For many of us, sitting down for the majority of our day is inevitable and unavoidable. But this time spent sitting along with the time we sit on the way to and from work, whilst having dinner, and whilst winding down watching TV after work, is seriously detrimental to our health.
For example, those whose jobs require them to sit down all day, are twice as likely to develop cardiovascular disease than someone whose job requires them to be moving around all day.
It’s unavoidable for many of us; we spend a lot of time staring at screens and sitting down, in our work and home life. Fortunately, there are several things we can change to minimise the long-term effects of sitting, no matter what work we do. It’s important to interrupt sitting wherever we can, and there are a few simple ways we can move more in our workday, without it taking up much more time or effort than sitting down all day does:
TAKE THE STAIRS
If you work in an office which has more than a couple of floors, the chances are there will be an elevator. Think about taking the stairs instead, the chances are you’ll probably be at your desk at the same time as if you had waited for the elevator.
WALK ON YOUR BREAKS OR FOR MEETINGS
It’s all too easy to stand up from your desk, walk to the lunch room, and sit down again to eat your lunch. Why not dedicate 10 minutes of your lunch to going for a walk, the fresh air and natural light will also do wonders for your mood and motivation. If you’re having a one-on-one meeting or brainstorming session, consider going for a walk instead of sitting around a desk, it might even boost your brainpower!
Who says you can’t exercise whilst at your desk? Similarly to exercises you’re instructed to do on long-haul flights; you can stretch and roll your ankles, shoulders, neck and back whilst sitting at your desk. You can also mix it up, and stand sometimes, or sit on a medicine ball occasionally instead of your chair to activate different muscles. The important thing is to interrupt sitting in the same position for too long.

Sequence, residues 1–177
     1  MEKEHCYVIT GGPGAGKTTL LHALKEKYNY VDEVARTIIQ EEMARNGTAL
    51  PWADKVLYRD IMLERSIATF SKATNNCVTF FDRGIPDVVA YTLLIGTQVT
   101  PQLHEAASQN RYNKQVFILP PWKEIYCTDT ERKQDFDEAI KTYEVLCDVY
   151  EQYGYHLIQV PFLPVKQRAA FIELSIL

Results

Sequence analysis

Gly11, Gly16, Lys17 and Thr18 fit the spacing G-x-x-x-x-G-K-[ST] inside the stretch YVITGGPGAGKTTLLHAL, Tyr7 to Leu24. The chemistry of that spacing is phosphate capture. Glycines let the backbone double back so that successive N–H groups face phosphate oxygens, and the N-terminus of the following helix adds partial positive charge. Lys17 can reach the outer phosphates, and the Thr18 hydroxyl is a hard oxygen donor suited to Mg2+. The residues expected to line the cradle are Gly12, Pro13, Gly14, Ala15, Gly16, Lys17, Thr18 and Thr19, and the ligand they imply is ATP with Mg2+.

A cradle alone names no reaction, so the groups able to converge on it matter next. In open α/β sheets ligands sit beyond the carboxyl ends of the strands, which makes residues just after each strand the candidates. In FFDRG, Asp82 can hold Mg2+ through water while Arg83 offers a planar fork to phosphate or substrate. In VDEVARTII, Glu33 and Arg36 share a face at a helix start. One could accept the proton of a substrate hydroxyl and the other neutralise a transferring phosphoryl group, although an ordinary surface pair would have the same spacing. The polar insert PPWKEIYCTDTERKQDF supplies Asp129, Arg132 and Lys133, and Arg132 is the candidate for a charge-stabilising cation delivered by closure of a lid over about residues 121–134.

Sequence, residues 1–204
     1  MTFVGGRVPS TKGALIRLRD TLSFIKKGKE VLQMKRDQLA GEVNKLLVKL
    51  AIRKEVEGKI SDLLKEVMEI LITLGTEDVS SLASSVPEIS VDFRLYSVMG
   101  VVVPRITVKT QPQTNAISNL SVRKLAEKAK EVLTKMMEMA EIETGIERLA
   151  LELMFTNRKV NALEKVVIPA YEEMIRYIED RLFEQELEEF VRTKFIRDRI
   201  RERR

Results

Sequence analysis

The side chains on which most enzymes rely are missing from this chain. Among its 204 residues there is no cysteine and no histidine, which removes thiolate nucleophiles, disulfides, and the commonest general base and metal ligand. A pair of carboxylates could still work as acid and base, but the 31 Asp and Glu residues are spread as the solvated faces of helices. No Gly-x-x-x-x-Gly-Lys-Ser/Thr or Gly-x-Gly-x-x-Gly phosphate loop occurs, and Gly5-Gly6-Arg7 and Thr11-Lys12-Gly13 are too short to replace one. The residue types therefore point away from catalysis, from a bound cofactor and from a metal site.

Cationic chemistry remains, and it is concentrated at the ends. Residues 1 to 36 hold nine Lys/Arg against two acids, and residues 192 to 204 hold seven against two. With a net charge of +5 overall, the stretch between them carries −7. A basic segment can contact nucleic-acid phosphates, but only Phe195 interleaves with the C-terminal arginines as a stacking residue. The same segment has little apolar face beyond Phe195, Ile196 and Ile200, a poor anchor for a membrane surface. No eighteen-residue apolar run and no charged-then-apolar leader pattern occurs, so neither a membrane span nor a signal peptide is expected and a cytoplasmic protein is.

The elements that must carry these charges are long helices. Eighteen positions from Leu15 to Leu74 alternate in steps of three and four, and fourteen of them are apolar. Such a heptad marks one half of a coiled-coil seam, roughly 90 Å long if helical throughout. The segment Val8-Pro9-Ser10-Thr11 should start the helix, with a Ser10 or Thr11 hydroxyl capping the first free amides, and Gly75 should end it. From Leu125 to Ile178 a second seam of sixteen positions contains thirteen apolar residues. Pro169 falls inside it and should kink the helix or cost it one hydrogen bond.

SET YOUR WORKPLACE UP
- Have your chair height so that your elbows are at desktop level
- Sit fully back into your chair so that your lower back is supported
- If your chair seat is able to be tilted, set it so that you are comfortable and supported
- Use a footrest if your feet don’t comfortably reach the floor
- Locate your monitor so the top third of the viewing area is at or below eye level
PARK FURTHER AWAY
If you drive to work, whether you have to park in a car park or on the street – don’t try to find the spot that requires the least amount of walking (as tempting this can be first thing in the morning) – purposely park further away so you have to get some steps in and can stretch before you sit down for the day.
MOVE AROUND THE OFFICE
It can be all to tempting to call or email the person sat at the other side of the office, but not every conversation or question needs a paper trail, so instead of picking up the phone, wander over to them instead and stretch your legs!
Source: Exercise Right